Tuesday, May 10, 2016


Last week our son finished his first year in college. The experience has changed him. He's more independent, more mature, more articulate -- and as my wife and I discovered when helping clear out his dorm room -- a little more determined that cleanliness is not next to godliness.

But his first year of college definitely changed him just as his high school years changed him, and grade school before that, and preschool before that. But I have to confess his year at college changed me too. It made me realize how precious my time is with him and my wife; it made me revisit my past -- and reexamine where I am today -- and where I am going. It made me more resolute to do more to serve the Lord and the people He has brought to me.

Looking back over my life, I realize every situation and every person I've encountered has changed something about me: my perspective, my understanding, and my empathy towards what other people go through. Hopefully, each experience has drawn me closer to the Lord and made me a little wiser. But part of that wisdom is grasping how little I really know and understand.

Come to think of it, this process of changing is basic to being human. But God describes Himself in a very different way:

* "I the Lord do not change" (Malachi 3:6a).

* "God is not man, that He should lie, or a son of man, that He should change His mind. Has He said, and will He not do it? Or has He spoken, and will He not fulfill it?" (Numbers 23:19).

* "You remain the same, and Your years will never end" (Psalm 102:27).

* "Every good and perfect gift is from above, coming down from the Father of the heavenly lights, who does not change like shifting shadows" (James 1:17).

I find this very humbling. I change because I am a lowly, limited creature. I am surrounded by great mysteries that I seek to grasp, but the harder I try the more I realize how much is beyond my puny mind's abilities. But there are no mysteries for God. He knows all things, perceives all things, understands all things. What a vast difference between God and mankind. When it comes to intelligence, perception and foresight, I'm a whole lot closer to a chimpanzee, a sheep, or a dog than I am to God.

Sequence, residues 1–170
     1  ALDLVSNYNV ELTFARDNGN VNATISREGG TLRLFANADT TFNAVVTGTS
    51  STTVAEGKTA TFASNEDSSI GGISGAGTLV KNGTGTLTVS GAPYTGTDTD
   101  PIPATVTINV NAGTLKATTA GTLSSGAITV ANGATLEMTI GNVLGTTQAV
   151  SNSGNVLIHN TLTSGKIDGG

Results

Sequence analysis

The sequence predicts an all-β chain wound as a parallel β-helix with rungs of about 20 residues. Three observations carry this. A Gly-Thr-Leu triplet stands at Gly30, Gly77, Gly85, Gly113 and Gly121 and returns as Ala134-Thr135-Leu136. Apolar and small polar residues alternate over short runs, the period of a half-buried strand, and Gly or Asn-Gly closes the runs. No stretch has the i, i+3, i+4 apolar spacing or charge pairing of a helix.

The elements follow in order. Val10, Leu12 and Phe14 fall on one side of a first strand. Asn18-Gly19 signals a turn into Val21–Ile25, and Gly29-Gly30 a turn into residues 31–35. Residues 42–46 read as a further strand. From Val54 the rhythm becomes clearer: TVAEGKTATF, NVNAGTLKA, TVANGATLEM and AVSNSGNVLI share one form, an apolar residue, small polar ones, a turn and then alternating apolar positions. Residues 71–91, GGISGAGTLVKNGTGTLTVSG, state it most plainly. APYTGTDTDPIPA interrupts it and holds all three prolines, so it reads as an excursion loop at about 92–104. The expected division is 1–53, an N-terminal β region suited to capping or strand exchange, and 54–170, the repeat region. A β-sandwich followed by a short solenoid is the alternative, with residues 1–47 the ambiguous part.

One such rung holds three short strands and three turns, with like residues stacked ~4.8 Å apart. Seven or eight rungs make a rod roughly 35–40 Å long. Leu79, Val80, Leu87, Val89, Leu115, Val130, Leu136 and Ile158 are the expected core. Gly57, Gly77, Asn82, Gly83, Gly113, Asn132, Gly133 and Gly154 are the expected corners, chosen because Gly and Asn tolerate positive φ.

Yet most of the time I don't keep that healthy perspective about my true place in the universe. Instead, I'm terribly arrogant. I think I know what is best for me and for the people around me. I'm still reaching for the forbidden fruit like Eve, my mother. I'm trying to be like God -- instead of being content to be the creature He made me be -- a creature made to trust Him with all his heart, soul, mind and strength!

That's what I see around me: people who dare to sit in judgment on God and condemn Him to justify themselves. Listen to this quote from Richard Dawkins; it's from his book The God Delusion:

"The God of the Old Testament is arguably the most unpleasant character in all fiction: jealous and proud of it; a petty, unjust, unforgiving control-freak; a vindictive, bloodthirsty ethnic cleanser; a misogynistic, homophobic, racist, infanticidal, genocidal, filicidal, pestilential, megalomaniacal, sadomasochistic, capriciously, malevolent bully."

How arrogant and foolish! But that's the same thing Job did throughout his book. He thought he had his problems all figured out. If he could just have a face-to-face with God, he would be able to enlighten the Lord, and God would quickly see His mistake and make things right. It was only when Job glimpsed a tiny bit of God's vast wisdom in the whirlwind that he got snapped back down into his place as a lowly creature.

* "I have uttered what I did not understand, things too wonderful for me, which I did not know. ... therefore I despise myself, and repent in dust and ashes" (Job 42:3, 6).

Job was reminded of his origins -- something God had to remind Adam of when he ate the forbidden fruit: "You are dust, and to dust you shall return" (Genesis 3:19b).

The wonder is that God still cares about arrogant lowly creatures like us. He loved us enough to send His Son as our Savior.

Yes, I am changing. I find great peace when I quiet my mind and realize I am God's humble creature, and He is my magnificent Lord, Creator, God, and Father. It is changing my prayers too. Instead of thinking I'm smart enough to know exactly what God needs to do to straighten out my life and the lives of the people I care about, I admit I don't have a clue what is best. I can present our challenges and struggles to Him, and thank Him for His promise to love us, provide for us, heal us, and guide all things for our good.

Yes, change is good for us humans. And it's even better for us that God doesn't need to change.

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